03/07/2013 11:48 BST | Updated 08/07/2013 08:17 BST

EDL's Tommy Robinson Asked To Speak At Oxford Union

LONDON, ENGLAND - JUNE 29: Joint EDL leader Tommy Robinson walks along the Mall on June 29, 2013 in London, England. The leaders of the English Defence League, Tommy Robinson and co-leader Kevin Carroll planned to march from Hyde Park to Woolwich to raise money for a young girl fighting against neuroblastoma, but were arrested outside Aldgate East Tube Station. (Photo by Jordan Mansfield/Getty Images)

Oxford University's debating society has invited controversial EDL leader Tommy Robinson to debate on nationalism amid concerns over "endangering" students.

A member of the Oxford Union tweeted Robinson saying the society would "love" to host him as a speaker, but the invitation has been met with criticism, including from the president of the student union.

Simon Blackaby, one of the prestigious society's committee members and the instigator of the invitation, received a reply from Robinson asking to swap numbers.

Blackaby later tweeted: "I like to hear different views in a debate. If everyone thought the same the debate would be quite boring. We believe in free speech and an open and interesting debate and therefore welcome a variety of different views."

The president of the Union Parit Wacharasindhu defended the invite but admitted there were some security concerns. "The society is founded on the principle of free speech," he said. "It provides a neutral arena for political views for as they are contested.

"There will be security concerns - an issue raised by other parties - which need to be resolved. The debate format ensures his views are extensively questioned and scrutinised.

"No speakers are ever given a platform nor are their views ever endorsed by the society or any of the individuals in it."

The National Union of Students warned the presence of Robinson could "endanger" students.

"The Oxford Union is in not a students’ union and is in no way affiliated with NUS," a union spokesperson said. "NUS has a long-standing policy of providing no platform to speak at our events to representatives of the EDL and non-one from NUS would share a platform with them.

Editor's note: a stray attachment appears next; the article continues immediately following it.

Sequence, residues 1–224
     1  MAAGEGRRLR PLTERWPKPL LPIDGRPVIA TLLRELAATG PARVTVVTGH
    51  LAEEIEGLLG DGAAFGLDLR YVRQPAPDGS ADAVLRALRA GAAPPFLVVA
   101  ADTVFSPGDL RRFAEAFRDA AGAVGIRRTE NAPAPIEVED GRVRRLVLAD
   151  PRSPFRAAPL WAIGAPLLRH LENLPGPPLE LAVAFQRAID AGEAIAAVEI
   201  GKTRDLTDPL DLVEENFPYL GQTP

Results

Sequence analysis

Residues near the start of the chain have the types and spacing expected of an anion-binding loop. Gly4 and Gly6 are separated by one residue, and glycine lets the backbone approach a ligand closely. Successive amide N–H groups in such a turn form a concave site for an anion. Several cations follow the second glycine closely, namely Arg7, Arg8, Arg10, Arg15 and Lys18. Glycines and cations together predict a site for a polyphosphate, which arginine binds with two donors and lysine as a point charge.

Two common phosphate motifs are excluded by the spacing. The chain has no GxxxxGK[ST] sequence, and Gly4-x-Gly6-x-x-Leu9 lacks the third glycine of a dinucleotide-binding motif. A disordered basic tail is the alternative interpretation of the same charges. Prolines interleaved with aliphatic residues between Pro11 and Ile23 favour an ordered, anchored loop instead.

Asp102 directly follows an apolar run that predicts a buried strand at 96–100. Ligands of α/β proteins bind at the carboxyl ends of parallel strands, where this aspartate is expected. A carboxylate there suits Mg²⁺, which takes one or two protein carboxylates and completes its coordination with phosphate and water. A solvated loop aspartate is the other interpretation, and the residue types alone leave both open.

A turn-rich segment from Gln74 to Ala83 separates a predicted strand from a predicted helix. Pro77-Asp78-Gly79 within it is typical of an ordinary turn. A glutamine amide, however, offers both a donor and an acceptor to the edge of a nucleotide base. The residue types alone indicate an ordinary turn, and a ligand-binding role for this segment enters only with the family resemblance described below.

"Tommy Robinson’s views are well-known and abhorrent so providing a platform for them adds nothing to the debate and risks endangering students."

Tom Rutland, president of Oxford's student union - a separate entity from the debating union - told HuffPost UK it was a "pointless stunt".

"The welfare of students is our utmost priority. Fascist speakers who spread hate and threats that extend to members of our student body, and often bring with them a rally of violent and dangerous thugs, are clearly a threat to student safety.

"There is no value in inviting or hosting hate speakers in the name of ‘free speech’ when they themselves do not believe in free speech nor a free society, and stand on a platform of oppressing people because of their race, religion, gender or sexuality. The EDL are simply the newest torchbearers of the dying but dangerous fascist movement in the UK.

"There is a place for ‘challenging views’ but no-one is going to go into the debate agreeing with Robinson, and no-one will come out supporting him.

"Similarly, though I do not deny the persuasive talents of our students, I very much doubt anyone will persuade this nasty and irrational individual of the absurdity of his position, rendering the entire stunt rather pointless."

Unite Against Fascism's joint secretary Weyman Bennett told student paper Cherwell: "I oppose the invitation to Tommy Robinson and will call a peaceful demonstration."

Robinson, whose real name is Stephen Lennon, was arrested on Saturday on suspicion of obstructing officers in East London.

The EDL was founded in 2009 as a street protest movement. It describes itself as a "human rights organization" that "protests against radical Islam's encroachment into the lives of non-Muslims".

In January this year, Oxford Union did revoke an invitation it had extended to Nick Griffin, the leader of the BNP, to debate the topic: "This house would be glad to have gay parents".

The society said the invitation wasn't authorised by senior members and that "disciplinary action" would be taken against the junior member responsible. The Union said it "does not wet to be associated with BNP in any way whatsoever" and that it "strongly disagree(s) with their views."

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